For all of you thinking that JavaScript is a poor language in which to be writing server-side tools, you’re half right. Yes, JavaScript is not equipped to deal with operating system-level sockets and network connectivity. But Node isn’t written in JavaScript; it’s written in C, a language perfectly capable of doing the grunt work and heavy lifting required for networking. JavaScript is perfectly capable of sending instructions to a C program that can be carried out in the dungeons of your OS. In fact, JavaScript is far more accessible than C to most programmers — something worth noting now, and that will come up again and again in the reasons for looking seriously at Node.

The primary usage of Node further reflects that while Node works with JavaScript, it isn’t itself JavaScript. You run it from the command line:

 — (bdm0509@Bretts-MacBook-Pro Sun, 29 May 11) —  —  —  —  —  —  —  —  —  — (/Users/bdm0509/tmp/Node/src) —
 — (09:09 $)-> export PATH=$HOME/local/Node/bin:$PATH

 — (bdm0509@Bretts-MacBook-Pro Sun, 29 May 11) —  —  —  —  —  —  —  —  —  — (/Users/bdm0509/tmp/Node/src) —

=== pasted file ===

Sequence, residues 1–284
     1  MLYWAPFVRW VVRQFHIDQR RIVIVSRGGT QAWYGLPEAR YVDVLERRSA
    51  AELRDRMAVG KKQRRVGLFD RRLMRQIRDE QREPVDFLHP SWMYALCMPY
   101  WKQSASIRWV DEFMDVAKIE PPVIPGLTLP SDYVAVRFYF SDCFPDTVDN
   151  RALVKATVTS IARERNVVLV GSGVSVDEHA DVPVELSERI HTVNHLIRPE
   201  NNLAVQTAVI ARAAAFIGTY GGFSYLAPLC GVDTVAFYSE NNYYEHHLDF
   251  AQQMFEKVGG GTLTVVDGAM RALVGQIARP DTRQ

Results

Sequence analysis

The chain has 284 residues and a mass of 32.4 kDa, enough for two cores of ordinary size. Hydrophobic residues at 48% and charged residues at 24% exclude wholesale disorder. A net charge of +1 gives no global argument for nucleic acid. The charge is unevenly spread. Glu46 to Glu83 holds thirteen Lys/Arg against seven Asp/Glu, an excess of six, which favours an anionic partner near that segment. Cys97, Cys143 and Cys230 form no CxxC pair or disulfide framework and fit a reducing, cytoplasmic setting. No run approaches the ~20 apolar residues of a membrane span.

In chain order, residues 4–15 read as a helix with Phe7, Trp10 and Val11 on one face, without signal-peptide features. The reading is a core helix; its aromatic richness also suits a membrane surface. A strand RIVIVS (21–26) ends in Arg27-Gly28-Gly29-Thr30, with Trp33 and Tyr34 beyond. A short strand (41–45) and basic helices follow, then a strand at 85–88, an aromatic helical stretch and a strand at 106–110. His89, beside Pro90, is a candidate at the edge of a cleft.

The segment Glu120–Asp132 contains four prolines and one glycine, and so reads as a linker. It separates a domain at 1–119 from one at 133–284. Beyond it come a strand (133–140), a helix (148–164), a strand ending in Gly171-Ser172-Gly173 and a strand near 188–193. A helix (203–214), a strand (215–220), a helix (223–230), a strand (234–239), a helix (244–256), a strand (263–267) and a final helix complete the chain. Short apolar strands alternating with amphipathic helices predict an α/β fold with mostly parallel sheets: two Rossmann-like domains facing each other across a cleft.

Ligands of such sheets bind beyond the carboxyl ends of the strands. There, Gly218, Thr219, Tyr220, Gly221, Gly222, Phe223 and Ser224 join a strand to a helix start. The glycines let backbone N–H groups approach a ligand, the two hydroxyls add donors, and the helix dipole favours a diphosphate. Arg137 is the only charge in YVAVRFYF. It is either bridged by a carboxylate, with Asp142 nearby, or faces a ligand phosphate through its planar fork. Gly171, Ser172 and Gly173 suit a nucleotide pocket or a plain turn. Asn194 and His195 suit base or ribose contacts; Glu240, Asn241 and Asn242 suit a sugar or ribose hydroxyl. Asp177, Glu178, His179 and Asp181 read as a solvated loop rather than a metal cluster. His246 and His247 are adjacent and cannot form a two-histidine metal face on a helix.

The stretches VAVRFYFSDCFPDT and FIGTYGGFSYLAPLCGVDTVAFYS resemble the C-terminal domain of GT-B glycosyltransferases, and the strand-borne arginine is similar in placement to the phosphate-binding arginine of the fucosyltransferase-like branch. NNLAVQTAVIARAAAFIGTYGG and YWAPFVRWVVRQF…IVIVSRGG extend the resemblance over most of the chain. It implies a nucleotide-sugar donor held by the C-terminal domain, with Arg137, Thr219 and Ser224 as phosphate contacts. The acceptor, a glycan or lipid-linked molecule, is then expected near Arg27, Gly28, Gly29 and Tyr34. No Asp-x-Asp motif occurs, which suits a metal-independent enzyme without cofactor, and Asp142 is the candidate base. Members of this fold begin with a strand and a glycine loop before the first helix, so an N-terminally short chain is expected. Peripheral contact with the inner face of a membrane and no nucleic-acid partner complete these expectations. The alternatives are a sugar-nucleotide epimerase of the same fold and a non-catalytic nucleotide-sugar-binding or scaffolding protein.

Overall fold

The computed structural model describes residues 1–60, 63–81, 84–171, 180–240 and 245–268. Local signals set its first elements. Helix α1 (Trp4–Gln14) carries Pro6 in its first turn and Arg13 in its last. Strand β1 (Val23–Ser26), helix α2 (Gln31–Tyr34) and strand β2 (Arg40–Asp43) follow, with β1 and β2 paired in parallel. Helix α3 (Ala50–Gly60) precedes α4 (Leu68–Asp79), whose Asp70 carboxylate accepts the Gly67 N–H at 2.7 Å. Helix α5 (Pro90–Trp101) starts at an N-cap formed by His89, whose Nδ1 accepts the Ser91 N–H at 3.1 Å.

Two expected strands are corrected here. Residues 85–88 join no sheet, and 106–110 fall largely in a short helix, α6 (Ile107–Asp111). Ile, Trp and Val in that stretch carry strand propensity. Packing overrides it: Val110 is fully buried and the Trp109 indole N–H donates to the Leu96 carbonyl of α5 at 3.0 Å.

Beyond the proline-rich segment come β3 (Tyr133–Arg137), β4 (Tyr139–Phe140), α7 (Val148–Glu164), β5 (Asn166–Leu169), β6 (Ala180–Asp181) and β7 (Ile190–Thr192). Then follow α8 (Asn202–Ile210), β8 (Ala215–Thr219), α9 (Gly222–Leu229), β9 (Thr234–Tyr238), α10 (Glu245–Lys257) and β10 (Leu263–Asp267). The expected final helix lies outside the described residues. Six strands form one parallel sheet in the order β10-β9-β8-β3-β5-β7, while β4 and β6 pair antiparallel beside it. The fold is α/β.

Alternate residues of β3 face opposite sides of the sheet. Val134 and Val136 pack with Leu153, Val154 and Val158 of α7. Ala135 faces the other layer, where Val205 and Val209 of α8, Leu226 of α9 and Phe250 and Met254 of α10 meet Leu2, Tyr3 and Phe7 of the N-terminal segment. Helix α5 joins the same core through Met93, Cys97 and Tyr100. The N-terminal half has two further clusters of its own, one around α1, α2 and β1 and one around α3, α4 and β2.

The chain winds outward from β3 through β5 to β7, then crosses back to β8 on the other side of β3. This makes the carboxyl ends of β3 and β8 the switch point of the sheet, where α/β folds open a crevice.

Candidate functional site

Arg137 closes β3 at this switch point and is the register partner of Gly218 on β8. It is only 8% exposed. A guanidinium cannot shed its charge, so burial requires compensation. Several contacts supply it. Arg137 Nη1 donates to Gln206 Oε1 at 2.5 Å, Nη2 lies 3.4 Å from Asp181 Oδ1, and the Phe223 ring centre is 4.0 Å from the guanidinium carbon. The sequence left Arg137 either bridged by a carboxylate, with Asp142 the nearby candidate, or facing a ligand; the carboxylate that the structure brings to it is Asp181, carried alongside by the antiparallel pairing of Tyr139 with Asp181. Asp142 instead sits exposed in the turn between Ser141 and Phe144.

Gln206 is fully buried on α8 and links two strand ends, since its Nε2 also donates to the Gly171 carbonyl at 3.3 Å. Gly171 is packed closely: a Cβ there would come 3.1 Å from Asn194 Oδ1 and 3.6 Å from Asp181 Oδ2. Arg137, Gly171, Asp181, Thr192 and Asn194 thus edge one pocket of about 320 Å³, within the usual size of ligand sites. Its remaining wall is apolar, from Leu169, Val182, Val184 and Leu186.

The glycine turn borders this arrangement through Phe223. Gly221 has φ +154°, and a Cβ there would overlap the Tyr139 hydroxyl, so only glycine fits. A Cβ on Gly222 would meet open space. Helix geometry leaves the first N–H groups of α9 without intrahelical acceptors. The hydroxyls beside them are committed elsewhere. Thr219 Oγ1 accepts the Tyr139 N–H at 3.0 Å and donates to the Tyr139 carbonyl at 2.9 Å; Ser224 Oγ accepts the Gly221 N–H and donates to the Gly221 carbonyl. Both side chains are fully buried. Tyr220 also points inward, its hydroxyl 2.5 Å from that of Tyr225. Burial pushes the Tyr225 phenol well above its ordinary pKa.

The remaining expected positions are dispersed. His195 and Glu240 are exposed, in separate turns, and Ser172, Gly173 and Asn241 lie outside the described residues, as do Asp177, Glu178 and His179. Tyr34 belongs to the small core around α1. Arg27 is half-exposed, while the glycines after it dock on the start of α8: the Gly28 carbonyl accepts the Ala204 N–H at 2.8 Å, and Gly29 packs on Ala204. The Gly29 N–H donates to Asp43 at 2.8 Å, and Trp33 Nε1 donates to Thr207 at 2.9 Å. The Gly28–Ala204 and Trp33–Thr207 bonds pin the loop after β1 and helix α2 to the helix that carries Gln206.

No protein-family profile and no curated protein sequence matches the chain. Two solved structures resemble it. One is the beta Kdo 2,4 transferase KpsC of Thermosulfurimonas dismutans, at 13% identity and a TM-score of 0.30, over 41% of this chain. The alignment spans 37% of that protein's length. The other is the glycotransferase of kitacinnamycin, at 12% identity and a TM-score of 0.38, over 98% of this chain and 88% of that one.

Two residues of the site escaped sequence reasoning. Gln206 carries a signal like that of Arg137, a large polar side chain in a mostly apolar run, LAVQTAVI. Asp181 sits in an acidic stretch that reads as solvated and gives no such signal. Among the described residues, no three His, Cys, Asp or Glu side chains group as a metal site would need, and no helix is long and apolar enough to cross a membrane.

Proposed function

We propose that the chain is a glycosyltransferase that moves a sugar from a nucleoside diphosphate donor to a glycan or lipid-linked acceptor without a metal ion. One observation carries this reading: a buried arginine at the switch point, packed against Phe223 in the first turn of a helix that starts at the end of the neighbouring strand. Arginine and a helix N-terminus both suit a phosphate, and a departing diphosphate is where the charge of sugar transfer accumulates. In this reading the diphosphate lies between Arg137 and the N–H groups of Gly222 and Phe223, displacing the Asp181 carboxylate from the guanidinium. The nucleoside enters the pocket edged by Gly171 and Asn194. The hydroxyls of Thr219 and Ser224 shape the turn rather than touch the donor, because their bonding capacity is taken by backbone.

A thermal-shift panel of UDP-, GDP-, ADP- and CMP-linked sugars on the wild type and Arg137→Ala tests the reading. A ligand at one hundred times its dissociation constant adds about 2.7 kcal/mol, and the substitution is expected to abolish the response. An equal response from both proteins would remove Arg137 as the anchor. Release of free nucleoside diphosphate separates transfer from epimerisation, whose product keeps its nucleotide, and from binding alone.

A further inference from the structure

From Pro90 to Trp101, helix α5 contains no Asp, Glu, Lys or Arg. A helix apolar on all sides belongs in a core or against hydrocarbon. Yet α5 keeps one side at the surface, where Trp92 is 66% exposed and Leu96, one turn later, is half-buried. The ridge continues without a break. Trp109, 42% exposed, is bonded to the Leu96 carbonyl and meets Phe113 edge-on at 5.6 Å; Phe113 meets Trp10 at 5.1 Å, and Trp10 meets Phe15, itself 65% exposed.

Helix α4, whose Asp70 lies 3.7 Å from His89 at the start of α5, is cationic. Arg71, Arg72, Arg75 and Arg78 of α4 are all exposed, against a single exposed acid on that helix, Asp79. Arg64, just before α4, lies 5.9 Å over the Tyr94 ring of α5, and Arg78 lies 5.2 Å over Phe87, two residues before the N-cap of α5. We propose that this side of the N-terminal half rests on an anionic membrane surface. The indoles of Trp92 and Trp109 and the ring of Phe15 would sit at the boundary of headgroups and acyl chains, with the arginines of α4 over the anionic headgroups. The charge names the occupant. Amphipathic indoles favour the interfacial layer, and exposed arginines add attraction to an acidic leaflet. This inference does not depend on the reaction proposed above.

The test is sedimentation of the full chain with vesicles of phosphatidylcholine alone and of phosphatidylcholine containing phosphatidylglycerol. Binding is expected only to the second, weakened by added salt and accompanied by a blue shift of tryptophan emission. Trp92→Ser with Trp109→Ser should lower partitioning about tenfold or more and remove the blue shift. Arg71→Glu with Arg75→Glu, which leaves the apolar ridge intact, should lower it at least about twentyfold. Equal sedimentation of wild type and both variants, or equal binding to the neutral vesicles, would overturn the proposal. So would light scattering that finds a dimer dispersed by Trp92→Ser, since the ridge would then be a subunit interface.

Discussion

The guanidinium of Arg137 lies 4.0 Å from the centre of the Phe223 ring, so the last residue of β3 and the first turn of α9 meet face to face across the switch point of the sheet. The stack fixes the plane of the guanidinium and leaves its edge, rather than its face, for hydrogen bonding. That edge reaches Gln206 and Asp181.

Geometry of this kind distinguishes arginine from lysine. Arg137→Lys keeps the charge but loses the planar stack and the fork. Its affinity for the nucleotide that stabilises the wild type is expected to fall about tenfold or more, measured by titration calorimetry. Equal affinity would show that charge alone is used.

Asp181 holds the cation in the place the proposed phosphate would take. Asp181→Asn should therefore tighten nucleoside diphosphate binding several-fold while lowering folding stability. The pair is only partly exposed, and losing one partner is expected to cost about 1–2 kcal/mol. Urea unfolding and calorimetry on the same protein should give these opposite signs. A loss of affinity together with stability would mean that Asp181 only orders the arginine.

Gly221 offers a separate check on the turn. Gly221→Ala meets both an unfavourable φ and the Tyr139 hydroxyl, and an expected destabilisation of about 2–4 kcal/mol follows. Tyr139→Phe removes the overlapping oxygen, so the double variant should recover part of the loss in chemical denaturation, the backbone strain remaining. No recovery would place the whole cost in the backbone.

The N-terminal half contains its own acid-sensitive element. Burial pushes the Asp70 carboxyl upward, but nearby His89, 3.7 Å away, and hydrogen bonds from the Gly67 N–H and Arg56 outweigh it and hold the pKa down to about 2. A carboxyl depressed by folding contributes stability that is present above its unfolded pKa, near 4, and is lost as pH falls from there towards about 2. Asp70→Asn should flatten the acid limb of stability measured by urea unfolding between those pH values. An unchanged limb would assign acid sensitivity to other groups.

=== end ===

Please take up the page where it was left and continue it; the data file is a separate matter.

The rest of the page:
— (09:09 $)-> cd ~/examples

 — (bdm0509@Bretts-MacBook-Pro Sun, 29 May 11) —  —  —  —  —  —  —  —  —  —  —  — (/Users/bdm0509/examples) —
 — (09:09 $)-> Node NodeFileServer.js
Server running at

And there you have it. While there’s a lot more to be said about that status line — and what’s really going on at port 1337 — the big news here is that Node is a program that you feed JavaScript. What Node then does with that JavaScript isn’t worth much ink; to some degree, just accept that what it does, it does. This frees you up to write JavaScript, not worry about learning C. Heck, a big appeal to Node is that you can actually write a server without worrying about C. That’s the point.

Interacting with a “Node server”

Make sure you still have your NodeFileServer.js code running via Node. Then you can hit your local machine — on port 1337 — and see this unremarkable output.

File server browser

Click to enlarge

Yes, this is about as mundane as you can get. Well, that is, until you realize that you’ve actually written a file server in about 20 lines of code. The output you see — the actual code of the script you wrote — isn’t canned in the script itself. It’s being served from the file system. Throw an image into the same directory, and simply add the name of the image to the end of your URL, like http://localhost:8080/my_image.png:

image example

Node happily serves this binary image up. That’s pretty remarkable, when you again refer to the brevity of the code. On top of that, how hard would it be if you wanted to write your own server code in JavaScript? Not only that, but suppose you wanted to write that code to handle multiple requests? (That’s a hint; open up four, five, or 10 browsers and hit the server.) The beauty of Node is that you can write entirely simple and mundane JavaScript to get these results.